Year 5: Properties of materials
Properties and Changes of Materials has been split into two lists , which look at properties and changes of materials and changes of state.This list consists of lesson plans and activities to support the teaching of properties and changes of materials in Year Five. It contains tips on using the resources, suggestions for further use and background subject knowledge. Possible misconceptions are highlighted so that teachers may plan lessons to facilitate correct conceptual understanding. Designed to support the new curriculum programme of study it aims to cover many of the requirements for knowledge and understanding and working scientifically. The statutory requirements are that children are taught to:
· compare and group together everyday materials based on evidence from comparative and fair tests, including their hardness, solubility, transparency, conductivity (electrical and thermal), and response to magnets
· understand that some materials will dissolve in liquid to form a solution, and describe how to recover a substance from a solution
· use knowledge of solids, liquids and gases to decide how mixtures might be separated, including through filtering, sieving and evaporating
· give reasons, based on evidence from comparative and fair tests, for the particular uses of everyday materials, including metals, wood and plastic
· demonstrate that dissolving, mixing and changes of state are reversible changes
Visit the primary science webpage to access all lists.
Links and Resources
Explore rusting in the activity idea on page 34 of the pdf. Ask children to observe the changes over time then write a conclusion saying which nail rusts first and reasons why.
Activity ideas and worksheets which support the teaching of materials and their properties, good for homework sheets.
Children may often think of materials as meaning fabrics or textiles when in fact they include any substance. When beginning to classify materials it is worth including a wide range of substances. For example different liquids, as many children think of liquids as being only water. Including natural and man-made products could prove another interesting discussion point. Children find this distinction confusing as man-made materials can be natural products, which have been altered by man for his use and products from natural sources which have been changed chemically into new products.
This resource provides ideas for using the senses to describe and compare different materials, including using feely bags and sorting materials according to their properties using Venn diagrams.
Introduce dissolving with this colourful comic, which children will love. Carrying out an investigation which looks at the effect of temperature on dissolving will highlight the importance of fair testing. Further investigations look at different factors, such as the speed of stirring and the weight of salt added.
Children often confuse dissolving and melting so it is worth discussing the difference and providing examples of each.
Melting requires heat and dissolving requires a solvent to take place. Further information and activity ideas may be found here.
Children will often describe a solid as 'disappearing' when it dissolves in a solvent such as water, because this is what they observe. This activity is a great way of showing them that salt is still present in the resulting solution and how to recover. Children could use a microscope to observe and draw the shapes of some of the resulting crystals as the water evaporates from the solution and the salt appears.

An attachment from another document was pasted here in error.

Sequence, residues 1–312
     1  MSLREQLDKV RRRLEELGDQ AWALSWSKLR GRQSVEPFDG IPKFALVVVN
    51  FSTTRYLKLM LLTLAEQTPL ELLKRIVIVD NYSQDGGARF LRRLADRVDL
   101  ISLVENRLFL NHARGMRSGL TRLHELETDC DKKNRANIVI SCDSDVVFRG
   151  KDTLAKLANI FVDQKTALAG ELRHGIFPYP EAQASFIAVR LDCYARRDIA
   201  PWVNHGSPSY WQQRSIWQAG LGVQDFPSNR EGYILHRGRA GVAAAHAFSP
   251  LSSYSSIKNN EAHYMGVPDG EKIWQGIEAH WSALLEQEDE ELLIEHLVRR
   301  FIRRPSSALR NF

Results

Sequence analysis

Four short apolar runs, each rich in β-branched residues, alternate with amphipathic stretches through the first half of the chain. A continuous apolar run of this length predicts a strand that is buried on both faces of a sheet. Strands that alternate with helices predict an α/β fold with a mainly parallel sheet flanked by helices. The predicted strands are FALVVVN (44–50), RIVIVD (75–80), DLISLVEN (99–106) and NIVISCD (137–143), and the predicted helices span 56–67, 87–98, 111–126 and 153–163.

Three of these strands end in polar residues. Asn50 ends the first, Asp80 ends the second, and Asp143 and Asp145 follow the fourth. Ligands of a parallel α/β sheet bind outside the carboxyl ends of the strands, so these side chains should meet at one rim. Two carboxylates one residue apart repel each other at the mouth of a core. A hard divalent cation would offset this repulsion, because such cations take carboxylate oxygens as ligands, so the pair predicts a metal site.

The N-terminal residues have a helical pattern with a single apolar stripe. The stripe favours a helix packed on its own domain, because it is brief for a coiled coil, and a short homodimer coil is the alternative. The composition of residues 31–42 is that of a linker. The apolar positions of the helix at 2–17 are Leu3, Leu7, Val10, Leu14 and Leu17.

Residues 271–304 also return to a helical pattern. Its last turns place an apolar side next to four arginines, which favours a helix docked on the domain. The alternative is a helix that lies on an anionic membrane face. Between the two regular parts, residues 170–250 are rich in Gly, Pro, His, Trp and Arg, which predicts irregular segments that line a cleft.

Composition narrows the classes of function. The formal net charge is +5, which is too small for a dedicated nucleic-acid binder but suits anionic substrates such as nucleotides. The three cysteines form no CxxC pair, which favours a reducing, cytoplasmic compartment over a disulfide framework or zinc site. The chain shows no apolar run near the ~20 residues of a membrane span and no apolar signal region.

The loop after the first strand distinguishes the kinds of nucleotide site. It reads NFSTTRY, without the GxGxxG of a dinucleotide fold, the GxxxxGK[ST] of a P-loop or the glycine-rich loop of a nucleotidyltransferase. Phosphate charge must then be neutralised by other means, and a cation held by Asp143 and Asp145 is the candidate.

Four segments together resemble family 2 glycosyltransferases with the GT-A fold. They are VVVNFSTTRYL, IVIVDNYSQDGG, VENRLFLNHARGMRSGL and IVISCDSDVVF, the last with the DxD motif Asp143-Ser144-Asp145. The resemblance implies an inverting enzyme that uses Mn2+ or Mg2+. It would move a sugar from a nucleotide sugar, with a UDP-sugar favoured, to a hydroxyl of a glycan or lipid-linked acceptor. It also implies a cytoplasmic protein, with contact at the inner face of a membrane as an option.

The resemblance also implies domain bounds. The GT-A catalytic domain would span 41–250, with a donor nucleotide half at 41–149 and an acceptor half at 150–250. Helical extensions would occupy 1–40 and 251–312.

Although salt or sugar is generally used for this activity, alum (aluminium potassium sulfate) will grow the best crystals and is available from any chemical supplier.
This short clip may be used to show how different substances may be separated based on their densities. Oil floats on top of the water as it has a lower density and the ice-cube floats between the oil and the water as it has a density higher than oil but lower than that of water. Children could use this to decide how other materials could be separated based on their density.
This series of six lessons is a good place to start when planning lessons on separating materials based on their properties.
Lesson ideas look at how to separate mixtures using magnets, sieving, filtering and evaporating.
Providing activity ideas, key vocabulary and background knowledge about separating mixtures. After demonstrating each of the methods for separating mixtures, provide children with various mixtures and challenge them to separate them. It is worth noting that these mixtures are physically but not chemically combined so they may be separated by physical methods such as sieving, filtering and evaporating.
If a chemical change has occurred then it is no longer a mixture but a new substance -e.g. a cake.
An animated introduction which sets a context for an investigation. A chef has mixed up his ingredients - children will love trying to work out which white powder is which by testing them. This activity provides an opportunity for children to record results in a systematic way to solve a problem whilst identifying materials based on their properties.
This resource provides a set of videos and a practical investigation aimed at supporting experimental science in the classroom and relating it to real world experiences. In the first video Professor Brian Cox joins a teacher to find out how to set up and run an investigation to find out the time it takes for different types of chocolate to melt. In the next video he then joins the class carrying out their investigation. Further videos show Brian Cox visiting a chocolate factory and a factory which produces parts for jet engines to find out more about the melting of different materials and how this can be applied to real world contexts.